But Thursday marked the formal launch date of more than a dozen new—or at least newly named—entities, all outlined on the CIA’s Twitter feed and Facebook page in social media posts that reflect the cultural forces reshaping the once-secret spy service.
Perhaps the most ambitious addition is the Directorate of Digital Innovation, which is responsible for helping the CIA adapt to evolving technologies and is the first new directorate at the agency since 1963. The unit is led by a career analyst, Andrew Hallman, who previously served as a briefer to President George W. Bush.
In an interview with the DefenseOne news site, Hallman said that virtually every aspect of the CIA’s mission is under digital assault. “We have to come up with new ways to operate in a much more connected environment and still be clandestine,” he said. He also cited the surging importance of social media as a source of intelligence, saying that the Islamic State’s massive presence online “is a rich source of info for us.”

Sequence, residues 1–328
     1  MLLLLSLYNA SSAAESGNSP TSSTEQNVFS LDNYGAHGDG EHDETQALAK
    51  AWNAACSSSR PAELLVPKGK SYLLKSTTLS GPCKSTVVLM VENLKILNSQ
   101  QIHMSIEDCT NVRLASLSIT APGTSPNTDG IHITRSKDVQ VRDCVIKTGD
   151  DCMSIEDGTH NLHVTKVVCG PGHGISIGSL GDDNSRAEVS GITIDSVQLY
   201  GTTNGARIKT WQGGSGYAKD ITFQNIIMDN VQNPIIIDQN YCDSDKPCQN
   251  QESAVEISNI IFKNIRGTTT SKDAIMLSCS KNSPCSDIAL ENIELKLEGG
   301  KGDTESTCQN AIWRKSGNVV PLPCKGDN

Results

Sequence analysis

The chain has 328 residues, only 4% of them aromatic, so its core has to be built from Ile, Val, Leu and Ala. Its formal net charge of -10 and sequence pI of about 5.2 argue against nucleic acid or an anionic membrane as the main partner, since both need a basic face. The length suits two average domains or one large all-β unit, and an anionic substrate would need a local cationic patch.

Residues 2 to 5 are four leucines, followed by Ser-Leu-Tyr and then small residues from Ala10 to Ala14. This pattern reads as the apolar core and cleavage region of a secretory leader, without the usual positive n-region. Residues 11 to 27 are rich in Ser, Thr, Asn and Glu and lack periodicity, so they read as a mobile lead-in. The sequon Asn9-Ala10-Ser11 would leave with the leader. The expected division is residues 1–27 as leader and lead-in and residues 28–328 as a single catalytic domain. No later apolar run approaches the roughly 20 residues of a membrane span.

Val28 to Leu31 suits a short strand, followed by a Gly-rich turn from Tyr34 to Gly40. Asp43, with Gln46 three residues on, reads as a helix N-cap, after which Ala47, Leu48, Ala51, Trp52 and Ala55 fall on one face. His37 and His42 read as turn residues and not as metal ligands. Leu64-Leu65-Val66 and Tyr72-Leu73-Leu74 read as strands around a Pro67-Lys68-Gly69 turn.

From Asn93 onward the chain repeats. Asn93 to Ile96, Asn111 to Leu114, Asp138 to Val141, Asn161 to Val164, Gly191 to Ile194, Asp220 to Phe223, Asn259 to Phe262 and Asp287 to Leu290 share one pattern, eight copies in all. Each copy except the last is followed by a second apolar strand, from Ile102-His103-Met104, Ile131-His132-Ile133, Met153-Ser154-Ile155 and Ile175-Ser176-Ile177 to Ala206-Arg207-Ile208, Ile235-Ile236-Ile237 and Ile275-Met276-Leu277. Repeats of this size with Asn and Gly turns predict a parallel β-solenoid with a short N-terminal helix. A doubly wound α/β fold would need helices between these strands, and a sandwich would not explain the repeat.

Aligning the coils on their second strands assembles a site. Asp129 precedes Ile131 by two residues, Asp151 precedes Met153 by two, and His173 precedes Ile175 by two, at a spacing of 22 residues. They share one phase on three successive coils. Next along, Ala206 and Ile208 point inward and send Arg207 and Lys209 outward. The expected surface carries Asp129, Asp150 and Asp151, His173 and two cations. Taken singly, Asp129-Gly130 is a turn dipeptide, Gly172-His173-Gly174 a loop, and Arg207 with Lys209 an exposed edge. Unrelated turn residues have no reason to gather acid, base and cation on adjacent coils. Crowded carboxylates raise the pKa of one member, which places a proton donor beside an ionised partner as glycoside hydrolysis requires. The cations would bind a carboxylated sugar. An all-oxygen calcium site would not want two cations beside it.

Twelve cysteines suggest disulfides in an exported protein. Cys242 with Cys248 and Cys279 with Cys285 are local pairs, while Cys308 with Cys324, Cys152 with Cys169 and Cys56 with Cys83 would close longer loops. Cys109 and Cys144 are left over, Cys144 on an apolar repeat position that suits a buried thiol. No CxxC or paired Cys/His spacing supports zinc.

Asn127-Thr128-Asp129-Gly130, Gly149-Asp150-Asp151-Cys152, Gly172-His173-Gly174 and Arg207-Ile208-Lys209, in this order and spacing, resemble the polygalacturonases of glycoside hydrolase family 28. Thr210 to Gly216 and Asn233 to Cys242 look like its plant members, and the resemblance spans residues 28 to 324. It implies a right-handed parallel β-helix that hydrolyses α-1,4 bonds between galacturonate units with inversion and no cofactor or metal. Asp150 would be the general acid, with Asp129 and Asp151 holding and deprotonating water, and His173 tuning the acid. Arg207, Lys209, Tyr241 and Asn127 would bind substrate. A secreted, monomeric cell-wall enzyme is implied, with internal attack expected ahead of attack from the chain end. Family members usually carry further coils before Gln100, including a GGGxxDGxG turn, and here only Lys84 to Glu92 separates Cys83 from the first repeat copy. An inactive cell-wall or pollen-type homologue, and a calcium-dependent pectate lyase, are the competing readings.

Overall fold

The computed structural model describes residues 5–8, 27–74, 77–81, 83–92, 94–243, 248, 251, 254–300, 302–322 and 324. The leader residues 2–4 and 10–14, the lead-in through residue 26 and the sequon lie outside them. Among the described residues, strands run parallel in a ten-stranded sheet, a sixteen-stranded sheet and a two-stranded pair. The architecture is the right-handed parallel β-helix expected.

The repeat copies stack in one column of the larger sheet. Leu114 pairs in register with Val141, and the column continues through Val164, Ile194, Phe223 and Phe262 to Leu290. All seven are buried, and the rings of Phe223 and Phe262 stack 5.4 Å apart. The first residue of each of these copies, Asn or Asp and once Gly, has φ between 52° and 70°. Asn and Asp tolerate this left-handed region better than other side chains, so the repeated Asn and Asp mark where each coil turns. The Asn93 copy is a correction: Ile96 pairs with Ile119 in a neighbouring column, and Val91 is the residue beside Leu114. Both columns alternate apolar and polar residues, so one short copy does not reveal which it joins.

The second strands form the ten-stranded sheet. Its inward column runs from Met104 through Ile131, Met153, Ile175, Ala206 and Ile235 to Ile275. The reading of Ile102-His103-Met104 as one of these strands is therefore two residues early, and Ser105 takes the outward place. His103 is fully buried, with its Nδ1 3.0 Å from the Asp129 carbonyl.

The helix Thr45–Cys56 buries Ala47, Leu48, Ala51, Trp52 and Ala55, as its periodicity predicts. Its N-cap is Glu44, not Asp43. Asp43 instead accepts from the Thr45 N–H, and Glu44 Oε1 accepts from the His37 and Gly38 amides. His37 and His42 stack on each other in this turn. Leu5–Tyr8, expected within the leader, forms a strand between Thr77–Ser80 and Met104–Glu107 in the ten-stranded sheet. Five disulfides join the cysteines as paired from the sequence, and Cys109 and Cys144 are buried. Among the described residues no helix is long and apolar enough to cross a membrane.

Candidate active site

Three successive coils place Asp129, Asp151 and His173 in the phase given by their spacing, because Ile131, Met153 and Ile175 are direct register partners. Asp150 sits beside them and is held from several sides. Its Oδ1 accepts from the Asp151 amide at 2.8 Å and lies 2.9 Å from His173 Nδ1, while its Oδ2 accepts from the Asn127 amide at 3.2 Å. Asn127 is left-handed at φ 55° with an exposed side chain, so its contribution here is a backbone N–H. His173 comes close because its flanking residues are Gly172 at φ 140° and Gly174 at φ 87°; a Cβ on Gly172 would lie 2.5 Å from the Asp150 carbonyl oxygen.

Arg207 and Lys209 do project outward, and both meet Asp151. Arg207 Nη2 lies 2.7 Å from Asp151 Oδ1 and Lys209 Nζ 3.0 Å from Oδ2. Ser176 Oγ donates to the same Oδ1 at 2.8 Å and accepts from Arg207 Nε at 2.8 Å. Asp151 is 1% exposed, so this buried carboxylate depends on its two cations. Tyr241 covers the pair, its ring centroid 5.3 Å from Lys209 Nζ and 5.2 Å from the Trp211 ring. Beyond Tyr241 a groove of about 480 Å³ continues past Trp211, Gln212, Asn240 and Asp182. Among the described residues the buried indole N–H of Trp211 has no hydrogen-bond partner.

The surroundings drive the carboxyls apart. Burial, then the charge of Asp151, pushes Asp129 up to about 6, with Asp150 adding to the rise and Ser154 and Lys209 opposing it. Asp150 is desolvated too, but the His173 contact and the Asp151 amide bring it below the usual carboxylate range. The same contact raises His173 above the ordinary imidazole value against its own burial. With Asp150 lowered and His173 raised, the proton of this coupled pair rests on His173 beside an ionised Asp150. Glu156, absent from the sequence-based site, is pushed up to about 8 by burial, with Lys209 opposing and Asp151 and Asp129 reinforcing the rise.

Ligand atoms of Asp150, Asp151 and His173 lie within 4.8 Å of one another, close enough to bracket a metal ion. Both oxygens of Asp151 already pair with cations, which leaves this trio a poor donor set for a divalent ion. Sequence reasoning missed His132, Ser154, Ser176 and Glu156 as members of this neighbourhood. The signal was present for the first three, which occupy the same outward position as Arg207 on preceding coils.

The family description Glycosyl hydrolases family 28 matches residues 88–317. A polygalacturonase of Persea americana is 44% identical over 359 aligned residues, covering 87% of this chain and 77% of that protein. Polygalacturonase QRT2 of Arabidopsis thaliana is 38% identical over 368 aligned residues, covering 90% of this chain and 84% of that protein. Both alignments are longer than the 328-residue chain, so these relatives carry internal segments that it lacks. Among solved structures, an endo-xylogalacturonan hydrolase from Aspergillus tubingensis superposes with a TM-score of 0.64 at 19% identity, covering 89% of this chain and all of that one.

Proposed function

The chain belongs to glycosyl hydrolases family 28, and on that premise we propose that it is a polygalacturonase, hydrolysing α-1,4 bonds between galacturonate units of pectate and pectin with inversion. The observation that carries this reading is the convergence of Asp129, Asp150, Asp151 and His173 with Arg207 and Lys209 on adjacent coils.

The CIA also identified 10 new “mission centers,” which will combine analysts and operators in hybrid units focused on specific parts of the world or security threats. Most track longstanding CIA alignments, with centers devoted to weapons proliferation, for example, and the Near East.
The centers are largely modeled on what for years had been known as the CTC, the counter-terrorism unit that mushroomed in size after the Sept. 11 attacks and became a paramilitary entity with its own fleet of armed drones.
But even that center has faced changes. Its chain-smoking chief was replaced and given a lower-profile assignment evaluating CIA programs for Brennan. And the CTC name is giving way to the more cumbersome “Mission Center for Counterterrorism.”
The proliferation of such clunky acronyms, and the agency’s expenditures on management consultants during the reorganization , have drawn fire from CIA veterans otherwise supportive of the changes. One bridled at the jargon employed in Thursday’s announcement, with references to the agency’s “Modernization journey” and “cycles of digital innovation.”
“They need another directorate to teach them how to write in English,” the former CIA official said.